quinidine, Quinidine Gluconate, Quinidine Sulfate (cont.)

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Medical and Pharmacy Editor:

Phenothiazines such as thioridazine (Mellaril), an antipsychotic drug, and tricyclic antidepressants such as amitriptyline (Elavil, Endep) should not be used with quinidine since they can cause cardiac arrhythmias, and their use with quinidine increases the risk of cardiac arrhythmias.

Quinidine increases the action of the blood thinner warfarin (Coumadin), due to synergistic effects and can lead to excessive blood thinning and bleeding. A decrease in warfarin dose usually is required. Blood levels of digoxin (Lanoxin) are raised by quinidine due to a reduction in removal or reduced distribution in the body of digoxin. This can give rise to intoxication with digoxin, and it is important to reduce the dose of digoxin to prevent toxicity.

Removal of quinidine by the liver is accelerated by phenobarbital, phenytoin (Dilantin), and rifampin (Rifamate), requiring an increase in quinidine dose.

With the exact mechanism not known, amiodarone (Cordarone), another type of antiarrhythmic drug, may decrease removal of quinidine by the kidneys or liver giving rise to elevated quinidine blood levels, which may result in life-threatening arrhythmias, including torsades de pointes. It is important, therefore, to decrease quinidine doses when it is given concomitantly with amiodarone.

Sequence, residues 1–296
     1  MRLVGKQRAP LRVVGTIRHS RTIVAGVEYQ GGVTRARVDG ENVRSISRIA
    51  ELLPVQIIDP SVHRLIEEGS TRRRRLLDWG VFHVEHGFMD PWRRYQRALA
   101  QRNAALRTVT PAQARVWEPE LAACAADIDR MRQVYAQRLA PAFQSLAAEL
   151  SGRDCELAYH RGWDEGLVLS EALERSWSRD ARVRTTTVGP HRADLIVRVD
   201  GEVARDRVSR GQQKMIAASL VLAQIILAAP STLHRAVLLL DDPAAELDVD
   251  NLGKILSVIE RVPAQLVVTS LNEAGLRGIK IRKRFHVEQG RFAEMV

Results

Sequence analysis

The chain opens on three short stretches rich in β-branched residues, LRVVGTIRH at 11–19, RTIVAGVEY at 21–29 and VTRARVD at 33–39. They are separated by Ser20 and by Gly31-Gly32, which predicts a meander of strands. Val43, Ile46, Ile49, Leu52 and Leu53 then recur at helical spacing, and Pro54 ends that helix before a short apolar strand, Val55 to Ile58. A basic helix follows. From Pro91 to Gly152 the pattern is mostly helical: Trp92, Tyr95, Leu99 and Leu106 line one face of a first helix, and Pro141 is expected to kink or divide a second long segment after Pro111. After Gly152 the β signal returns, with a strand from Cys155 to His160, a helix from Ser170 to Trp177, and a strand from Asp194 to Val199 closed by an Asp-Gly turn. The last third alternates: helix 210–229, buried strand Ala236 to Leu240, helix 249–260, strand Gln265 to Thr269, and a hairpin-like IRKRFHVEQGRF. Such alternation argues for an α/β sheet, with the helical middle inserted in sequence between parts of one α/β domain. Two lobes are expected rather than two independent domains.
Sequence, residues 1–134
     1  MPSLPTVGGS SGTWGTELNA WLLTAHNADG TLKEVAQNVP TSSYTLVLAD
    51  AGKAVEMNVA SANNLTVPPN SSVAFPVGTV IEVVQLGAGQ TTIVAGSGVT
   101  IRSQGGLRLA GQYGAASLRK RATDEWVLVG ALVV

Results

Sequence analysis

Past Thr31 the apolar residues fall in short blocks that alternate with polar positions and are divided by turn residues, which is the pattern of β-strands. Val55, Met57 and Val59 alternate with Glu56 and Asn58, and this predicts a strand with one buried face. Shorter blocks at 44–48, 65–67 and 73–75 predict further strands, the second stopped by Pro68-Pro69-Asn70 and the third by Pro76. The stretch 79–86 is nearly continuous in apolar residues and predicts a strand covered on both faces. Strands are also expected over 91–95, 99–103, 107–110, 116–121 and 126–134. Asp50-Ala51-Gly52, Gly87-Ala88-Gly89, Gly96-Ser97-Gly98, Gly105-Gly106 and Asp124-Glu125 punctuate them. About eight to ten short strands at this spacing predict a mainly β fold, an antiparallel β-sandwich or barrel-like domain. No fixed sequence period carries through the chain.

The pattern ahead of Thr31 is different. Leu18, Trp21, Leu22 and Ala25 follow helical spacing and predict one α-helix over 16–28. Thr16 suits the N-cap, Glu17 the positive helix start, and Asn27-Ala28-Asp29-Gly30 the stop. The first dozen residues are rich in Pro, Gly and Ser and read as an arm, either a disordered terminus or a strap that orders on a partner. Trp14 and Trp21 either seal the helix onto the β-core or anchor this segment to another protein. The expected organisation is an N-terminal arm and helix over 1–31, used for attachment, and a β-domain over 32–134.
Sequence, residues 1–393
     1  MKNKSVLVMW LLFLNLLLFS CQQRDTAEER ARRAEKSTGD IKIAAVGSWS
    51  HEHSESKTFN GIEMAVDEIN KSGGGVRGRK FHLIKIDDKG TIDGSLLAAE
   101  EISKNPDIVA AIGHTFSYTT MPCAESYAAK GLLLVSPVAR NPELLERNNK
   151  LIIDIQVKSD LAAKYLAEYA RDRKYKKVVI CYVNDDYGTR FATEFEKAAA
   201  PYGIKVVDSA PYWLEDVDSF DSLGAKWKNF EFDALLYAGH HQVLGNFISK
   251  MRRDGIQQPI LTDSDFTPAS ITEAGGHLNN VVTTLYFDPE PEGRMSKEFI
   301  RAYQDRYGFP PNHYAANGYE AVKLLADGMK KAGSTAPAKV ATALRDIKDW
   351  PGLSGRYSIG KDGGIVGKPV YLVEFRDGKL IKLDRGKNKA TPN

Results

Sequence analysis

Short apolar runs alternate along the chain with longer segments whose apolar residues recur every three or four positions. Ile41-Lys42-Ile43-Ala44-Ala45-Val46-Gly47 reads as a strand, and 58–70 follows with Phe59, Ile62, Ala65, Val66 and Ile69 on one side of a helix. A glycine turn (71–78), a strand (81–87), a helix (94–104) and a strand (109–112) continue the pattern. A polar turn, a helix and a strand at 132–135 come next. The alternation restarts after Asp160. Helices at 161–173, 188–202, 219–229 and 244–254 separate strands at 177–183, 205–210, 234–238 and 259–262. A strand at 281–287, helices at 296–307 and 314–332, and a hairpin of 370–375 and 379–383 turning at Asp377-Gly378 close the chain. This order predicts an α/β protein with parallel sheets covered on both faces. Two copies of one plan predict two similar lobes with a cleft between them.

Cimetidine (Tagamet) increases quinidine levels by decreasing the elimination of quinidine giving rise to elevated quinidine serum levels that may lead to quinidine toxicity.

PREGNANCY: Safety and efficacy of quinidine has not been established in pregnant women.

NURSING MOTHERS: Quinidine can enter breast milk and should be avoided by nursing mothers.

SIDE EFFECTS: The most common side effects are vomiting, heartburn, rash, fever, dizziness, fatigue, weakness and headache. If patients experience irregular heartbeat, chest pain, skin rash, hearing changes (ringing or loss of hearing), vision changes (blurred or light sensitivity) or unusual bleeding or bruising they should call their doctor immediately.

Reference: FDA Prescribing Information

Last Editorial Review: 7/31/2009

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